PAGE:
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Image Processing

Chapter 10

Image Segmentation

Image Segmentation

• An important step in image analysis is to segment

the image.

• Segmentation: subdivides the image into its

constituent parts or objects.

• Autonomous segmentation is one of the most

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difficult tasks in image processing.

• Segmentation algorithms for monochrome images

generally are based on two basic properties of gray-

level values:

1.Discontinuity 2. Similarity

Image Segmentation

• Discontinuity: the image is partitioned based on

abrupt changes in gray level.

• Similarity: partition an image into regions that are

similar

– Main approaches are thresholding, region growing

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and region splitting and merging.

Detection of Discontinuities

• Line detection: If each mask is moved around an

image it would respond more strongly to lines in the

mentioned direction.

4

Detection of Discontinuities

• There are 3 basic types of discontinuities in digital

images:

1.Point

2.Line

3.Edges.

5

Mask:

9

1

i i

i

R wz

=

=

∑

Detection of Discontinuities

• Point detection: detect an isolated point

R T≥

6

2

7

Edge detection

• Edge: boundary between two regions with relatively

distinct gray levels.

8

Edge detection

• Basic idea: computation of a local derivative operator.

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Edge detection

• The magnitude of the first derivative can be used to

detect an edge

• The sign (zero crossing) of the second derivative can

be used to detect an edge.

• The same idea can be extended into 2-D. 2-D

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derivatives should be used.

• The magnitude of the gradient and sign of the

Laplacian are used.

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Gradient Operator

Gradient magnitude

x

y

f

G

x

f

G

y

∂

⎡ ⎤

⎢ ⎥

⎡ ⎤

∂

⎢ ⎥

∇ = =

⎢ ⎥

∂

⎢ ⎥

⎣ ⎦

⎢ ⎥

∂

⎣ ⎦

f

Gradient

12

(

)

㈲

⠩

x y

f mag G G∇ = ∇ = +f

1

(,) tan ( )

y

x

G

x y

G

α

−

=

Gradient direction

x y

f

G G∇ ≈ +

3

13

14

15

16

17

Laplacian

• Laplacian in its original form is not used for edge

detection because:

1.It is very sensitive to noise

2.It’s magnitude produces double edges

3.Unable to detect the direction of an edge.

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• To solve the first problem, the image is low-pass

filtered before using the Laplacian operator.

h(x,y)

2

∇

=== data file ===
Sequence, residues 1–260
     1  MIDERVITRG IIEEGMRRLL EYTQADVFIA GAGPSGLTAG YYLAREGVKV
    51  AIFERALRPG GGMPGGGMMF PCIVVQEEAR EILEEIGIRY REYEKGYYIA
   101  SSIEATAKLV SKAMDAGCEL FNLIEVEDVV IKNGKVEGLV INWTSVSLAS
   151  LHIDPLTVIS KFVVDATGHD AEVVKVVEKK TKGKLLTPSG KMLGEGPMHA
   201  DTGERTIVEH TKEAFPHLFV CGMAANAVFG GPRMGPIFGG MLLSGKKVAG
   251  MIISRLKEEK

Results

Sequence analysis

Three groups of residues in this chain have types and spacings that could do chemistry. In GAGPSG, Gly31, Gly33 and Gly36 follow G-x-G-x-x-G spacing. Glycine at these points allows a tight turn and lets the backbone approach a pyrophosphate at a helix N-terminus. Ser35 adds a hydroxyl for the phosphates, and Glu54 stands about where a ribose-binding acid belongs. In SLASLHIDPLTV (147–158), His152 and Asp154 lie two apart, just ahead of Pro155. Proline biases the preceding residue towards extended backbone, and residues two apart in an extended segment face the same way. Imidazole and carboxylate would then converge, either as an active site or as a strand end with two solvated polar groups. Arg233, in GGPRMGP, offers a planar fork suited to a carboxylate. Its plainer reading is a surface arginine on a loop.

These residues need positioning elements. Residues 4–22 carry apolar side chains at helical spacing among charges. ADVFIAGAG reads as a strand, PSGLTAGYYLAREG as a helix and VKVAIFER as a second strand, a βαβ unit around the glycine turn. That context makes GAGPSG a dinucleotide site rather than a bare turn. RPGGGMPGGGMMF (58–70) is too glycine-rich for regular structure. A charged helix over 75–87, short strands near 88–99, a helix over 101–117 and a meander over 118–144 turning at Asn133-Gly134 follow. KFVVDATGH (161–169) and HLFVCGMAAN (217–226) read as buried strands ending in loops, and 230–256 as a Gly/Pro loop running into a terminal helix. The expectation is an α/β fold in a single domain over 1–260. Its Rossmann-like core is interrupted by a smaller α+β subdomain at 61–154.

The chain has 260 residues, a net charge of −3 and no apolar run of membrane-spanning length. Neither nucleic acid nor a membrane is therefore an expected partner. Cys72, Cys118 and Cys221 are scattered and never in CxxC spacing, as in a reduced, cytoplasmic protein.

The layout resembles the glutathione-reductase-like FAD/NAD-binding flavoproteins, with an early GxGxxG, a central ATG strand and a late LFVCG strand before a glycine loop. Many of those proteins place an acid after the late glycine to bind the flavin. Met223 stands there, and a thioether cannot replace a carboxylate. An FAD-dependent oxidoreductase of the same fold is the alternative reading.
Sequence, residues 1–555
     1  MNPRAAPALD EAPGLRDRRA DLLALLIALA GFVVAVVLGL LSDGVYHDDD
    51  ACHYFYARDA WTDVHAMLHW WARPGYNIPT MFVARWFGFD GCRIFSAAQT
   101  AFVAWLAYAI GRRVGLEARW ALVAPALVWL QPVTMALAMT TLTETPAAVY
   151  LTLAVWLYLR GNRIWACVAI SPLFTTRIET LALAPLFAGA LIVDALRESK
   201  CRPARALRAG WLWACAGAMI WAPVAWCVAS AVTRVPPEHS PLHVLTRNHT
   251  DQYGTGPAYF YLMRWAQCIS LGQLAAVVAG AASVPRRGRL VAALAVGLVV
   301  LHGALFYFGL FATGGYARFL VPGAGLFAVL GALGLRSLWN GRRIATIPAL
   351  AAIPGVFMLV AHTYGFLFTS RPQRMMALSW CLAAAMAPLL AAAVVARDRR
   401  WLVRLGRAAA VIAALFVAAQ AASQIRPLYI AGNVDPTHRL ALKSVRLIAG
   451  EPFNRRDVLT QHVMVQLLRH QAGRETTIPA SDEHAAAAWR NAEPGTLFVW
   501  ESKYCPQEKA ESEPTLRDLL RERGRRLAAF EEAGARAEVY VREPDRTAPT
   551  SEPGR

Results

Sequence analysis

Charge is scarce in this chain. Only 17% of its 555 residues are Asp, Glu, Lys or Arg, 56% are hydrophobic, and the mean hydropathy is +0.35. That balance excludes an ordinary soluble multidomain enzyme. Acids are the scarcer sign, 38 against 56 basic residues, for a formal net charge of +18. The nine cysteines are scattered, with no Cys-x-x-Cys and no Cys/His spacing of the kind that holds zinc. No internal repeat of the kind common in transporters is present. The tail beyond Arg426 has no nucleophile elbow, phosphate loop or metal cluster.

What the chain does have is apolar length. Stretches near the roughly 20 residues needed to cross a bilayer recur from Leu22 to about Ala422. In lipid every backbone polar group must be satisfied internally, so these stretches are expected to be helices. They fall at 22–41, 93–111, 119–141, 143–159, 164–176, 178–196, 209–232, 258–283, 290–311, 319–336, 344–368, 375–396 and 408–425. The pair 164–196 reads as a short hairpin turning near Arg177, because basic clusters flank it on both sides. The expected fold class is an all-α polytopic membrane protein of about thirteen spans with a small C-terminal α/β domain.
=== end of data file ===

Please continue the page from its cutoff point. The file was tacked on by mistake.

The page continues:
f(x,y)

g(x,y)

4

Laplacian

2 2

2

2 2

f

f

f

x

y

∂ ∂

∇ = +

∂ ∂

2

5 2 4 6 8

4 ( )

f

z z z z z∇ = − + + +

8

2

5

1

8

i

i

f

z z

=

∇ = −

∑

19

Laplacian of Gaussian (LoG)

2 2

2

2 2 2

2 2 2

(,) exp( )

2

x y

h x y

r x y

r r

σ

σ

+

= −

= +

2

(,) (,)* (,)

g

x y f x y h x y= ∇

Convolution:

Gaussian function:

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• Cross section of has a Mexican hat shape.

• The average is zero. The average of constant image

convolved with is also zero.

• We will have negative pixel values in the result.

2

4 2

( ) ( ) exp( )

2

r r

h r

σ

σ

σ

−

∇ = −

2

h∇

2

h∇

2

h∇

Second derivative:

Laplacian

• To solve the problem of double edges, zero crossing

of the output of Laplacian operator is used.

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22

23

Edge linking and Boundary Detection

• The output of discontinuity detection stage seldom

characterizes a boundary completely.

• This is because of noise, breaks in the boundary and

other effects.

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• Edge detection algorithms typically are followed by

linking and boundary detection procedures.

• These procedures assemble edge pixels into

meaningful boundaries.

5

Edge linking and Boundary Detection

• All the points that are similar are linked forming a

boundary of pixels.

• Two principle properties used for establishing

similarity of edge pixels in this kind of analysis are:

1.The strength of the response of the gradient

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operator used to produce the edge pixels

2.The direction of the gradient

0 0

0 0

(,) ( )

(,) (,)

f

x y f x y E

x y x y Aα α

∇ − ∇ + ≤

− <

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Hough Transform

• (x

i

,y

i

): all the lines passing this point y

i

=ax

i

+b

• b= y

i

-ax

i

: point (x

i

,y

i

) maps to a single line in ab plane.

• Another point (x

j

,y

j

) also maps to a single line in ab plane

b= y

j

-ax

j

• a’ and b’ are the slope and intercept of the line containing

b

oth

(

x

i

,

y

i

)

and

(

x

j

,

y

j

)

.

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(

i

y

i

) (

j

y

j

)

Hough transform

• (a

min

,a

max

): expected range of slope

• (b

min

,b

max

): expected range of intercepts

• A(i,j): the number of points in the cell at coordinates (i,j) in

the ab plane.

For every point in the image

plane we let the value of

a

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plane

,